Under the RRP rule, contractors are required to distribute EPA’s Right to Renovate pamphlet to residents before renovation starts and obtain confirmation of receipt. You can read more about the EPA RRP Rule here.
EPA Lead Standards
Lead Dust Hazard Standard
On January 5, 2001, the EPA issued a final regulation under sections 403 and 402(c)(3) of the Toxic Substances Control Act (TSCA). The 2001 final rule established regulatory dust lead hazard standards of 40 µg/ft2 for floors and 250 µg/ft2 for interior window sills. That is, EPA considers lead a hazard if there is greater than 40 micrograms of lead in dust per square foot on floors, and 250 micrograms of lead in dust per square foot on interior windowsills. The rule also established clearance levels for dust following an abatement of 40 µg/ft2 for floors, 250 µg/ft2 for interior window sills and 400 µg/ft2 in window troughs. This rule is current under review.
Lead in Soil Hazard Standard
The EPA’s hazard standard for bare soil where children play is 400 parts per million (ppm) of lead — and an average 1,200 ppm for the rest of the yard.
Lead in Water
In 1974, Congress passed the Safe Drinking Water Act. This law requires EPA to determine the level of contaminants in drinking water at which no adverse health effects are likely to occur with an adequate margin of safety. These non-enforceable health goals, based solely on possible health risks are called maximum contaminant level goals (MCLG). The MCLG for lead is zero. EPA has set this level based on the best available science which shows there is no safe level of exposure to lead.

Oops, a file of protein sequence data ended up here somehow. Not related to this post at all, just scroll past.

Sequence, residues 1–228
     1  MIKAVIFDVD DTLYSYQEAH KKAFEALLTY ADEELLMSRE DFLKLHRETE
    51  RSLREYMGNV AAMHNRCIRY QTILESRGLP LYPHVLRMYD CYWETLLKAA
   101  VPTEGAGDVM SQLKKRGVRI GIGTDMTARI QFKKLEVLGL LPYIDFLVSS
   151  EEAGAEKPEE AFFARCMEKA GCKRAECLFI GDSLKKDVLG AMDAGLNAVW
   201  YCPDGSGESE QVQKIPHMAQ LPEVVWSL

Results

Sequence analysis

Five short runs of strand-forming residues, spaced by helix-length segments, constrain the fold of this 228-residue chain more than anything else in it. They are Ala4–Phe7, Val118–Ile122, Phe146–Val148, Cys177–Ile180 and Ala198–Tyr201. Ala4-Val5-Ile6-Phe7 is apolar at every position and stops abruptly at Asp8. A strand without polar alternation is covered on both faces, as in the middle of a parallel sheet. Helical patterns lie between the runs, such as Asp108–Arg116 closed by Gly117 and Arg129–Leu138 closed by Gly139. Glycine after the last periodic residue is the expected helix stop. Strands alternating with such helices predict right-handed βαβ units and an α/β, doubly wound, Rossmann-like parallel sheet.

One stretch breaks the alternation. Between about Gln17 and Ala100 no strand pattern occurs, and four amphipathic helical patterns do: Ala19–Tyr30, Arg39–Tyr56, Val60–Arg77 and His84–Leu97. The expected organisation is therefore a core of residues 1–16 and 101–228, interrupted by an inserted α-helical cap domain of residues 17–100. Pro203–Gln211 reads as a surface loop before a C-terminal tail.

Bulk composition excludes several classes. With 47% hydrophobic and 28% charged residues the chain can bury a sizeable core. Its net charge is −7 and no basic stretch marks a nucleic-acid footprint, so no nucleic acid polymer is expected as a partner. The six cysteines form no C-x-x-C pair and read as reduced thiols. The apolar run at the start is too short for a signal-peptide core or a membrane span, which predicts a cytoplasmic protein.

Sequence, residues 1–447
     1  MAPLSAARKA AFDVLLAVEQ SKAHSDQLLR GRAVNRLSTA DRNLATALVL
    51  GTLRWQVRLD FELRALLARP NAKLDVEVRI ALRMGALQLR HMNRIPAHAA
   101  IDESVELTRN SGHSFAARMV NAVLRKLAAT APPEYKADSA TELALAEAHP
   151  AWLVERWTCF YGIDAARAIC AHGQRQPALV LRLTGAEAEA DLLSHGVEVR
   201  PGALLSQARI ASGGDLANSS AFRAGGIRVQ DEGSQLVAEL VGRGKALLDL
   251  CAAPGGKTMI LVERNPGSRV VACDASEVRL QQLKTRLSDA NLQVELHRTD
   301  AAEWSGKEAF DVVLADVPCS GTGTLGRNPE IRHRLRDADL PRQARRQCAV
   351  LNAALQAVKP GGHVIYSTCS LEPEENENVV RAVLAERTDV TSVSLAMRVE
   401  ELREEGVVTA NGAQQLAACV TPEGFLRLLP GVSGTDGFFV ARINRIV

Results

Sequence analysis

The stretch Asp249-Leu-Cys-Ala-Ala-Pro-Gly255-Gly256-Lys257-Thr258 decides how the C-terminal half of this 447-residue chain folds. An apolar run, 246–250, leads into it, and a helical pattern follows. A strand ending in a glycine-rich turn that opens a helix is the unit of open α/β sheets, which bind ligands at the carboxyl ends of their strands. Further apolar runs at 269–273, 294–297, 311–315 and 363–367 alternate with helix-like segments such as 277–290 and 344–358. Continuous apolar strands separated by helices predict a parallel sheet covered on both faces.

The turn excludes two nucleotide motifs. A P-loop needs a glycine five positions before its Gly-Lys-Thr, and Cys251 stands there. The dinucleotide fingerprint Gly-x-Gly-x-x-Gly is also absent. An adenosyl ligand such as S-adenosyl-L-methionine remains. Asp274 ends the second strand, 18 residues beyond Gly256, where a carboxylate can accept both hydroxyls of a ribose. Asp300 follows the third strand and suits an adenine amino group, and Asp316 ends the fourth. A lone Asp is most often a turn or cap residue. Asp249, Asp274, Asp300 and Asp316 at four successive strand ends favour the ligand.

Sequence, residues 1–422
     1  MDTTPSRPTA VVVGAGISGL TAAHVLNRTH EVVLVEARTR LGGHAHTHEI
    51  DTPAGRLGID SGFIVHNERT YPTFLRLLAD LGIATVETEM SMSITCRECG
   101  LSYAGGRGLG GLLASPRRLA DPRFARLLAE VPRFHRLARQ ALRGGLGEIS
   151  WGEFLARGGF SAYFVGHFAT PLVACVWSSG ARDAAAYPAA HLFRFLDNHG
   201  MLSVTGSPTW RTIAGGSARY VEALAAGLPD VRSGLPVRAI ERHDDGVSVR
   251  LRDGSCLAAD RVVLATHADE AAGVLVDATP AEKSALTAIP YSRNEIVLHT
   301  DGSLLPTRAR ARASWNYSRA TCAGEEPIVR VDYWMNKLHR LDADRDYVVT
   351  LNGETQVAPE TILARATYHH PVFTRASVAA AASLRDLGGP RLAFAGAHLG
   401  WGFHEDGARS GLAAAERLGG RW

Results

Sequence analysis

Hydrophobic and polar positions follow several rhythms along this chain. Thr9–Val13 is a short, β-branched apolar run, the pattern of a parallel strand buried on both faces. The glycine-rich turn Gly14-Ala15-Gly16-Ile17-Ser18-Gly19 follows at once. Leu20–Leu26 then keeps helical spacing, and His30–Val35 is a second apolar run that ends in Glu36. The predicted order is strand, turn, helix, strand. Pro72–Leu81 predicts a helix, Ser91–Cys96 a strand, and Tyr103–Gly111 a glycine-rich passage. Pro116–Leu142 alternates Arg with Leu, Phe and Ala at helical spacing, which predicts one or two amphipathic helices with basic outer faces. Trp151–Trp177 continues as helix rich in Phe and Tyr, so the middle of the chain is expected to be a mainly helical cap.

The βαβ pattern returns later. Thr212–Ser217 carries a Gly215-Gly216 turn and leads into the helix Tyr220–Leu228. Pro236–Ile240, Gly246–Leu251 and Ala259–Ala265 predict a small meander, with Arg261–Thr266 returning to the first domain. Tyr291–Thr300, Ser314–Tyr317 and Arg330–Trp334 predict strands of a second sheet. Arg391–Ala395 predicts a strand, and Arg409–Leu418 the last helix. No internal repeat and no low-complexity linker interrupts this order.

For most contaminants, EPA sets an enforceable regulation called a maximum contaminant level (MCL) based on the MCLG. MCLs are set as close to the MCLGs as possible, considering cost, benefits and the ability of public water systems to detect and remove contaminants using suitable treatment technologies.
However, because lead contamination of drinking water often results from corrosion of the plumbing materials belonging to water system customers, EPA established a treatment technique (referred to as the Lead and Copper rule) rather than an MCL for lead.
The Lead and Copper rule, promulgated in 1991 and revised in 2000 and 2007, established an action level of 15 parts per billion (ppb) for lead in drinking water.
States may set more stringent drinking water regulations than EPA.
OSHA Lead Standards
The Occupational Safety & Health Administration (OSHA) governs all occupational exposure to lead. Rules pertaining to general industry are covered under OSHA 29 CFR 1910.1025.
All construction work where an employee may be occupationally exposed to lead is covered under OSHA 29 CFR 1926.62. All construction work excluded from coverage in the general industry standard for lead by 29 CFR 1910.1025(a)(2) is covered by this standard. Construction work is defined as work for construction, alteration and/or repair, including painting and decorating.
State Lead-Based Paint Rules and Regulations
In addition to EPA, HUD and OSHA rules on lead-based paint, many states have their own regulations. Use the navigation menu to learn more about lead-based paint regulations in your state.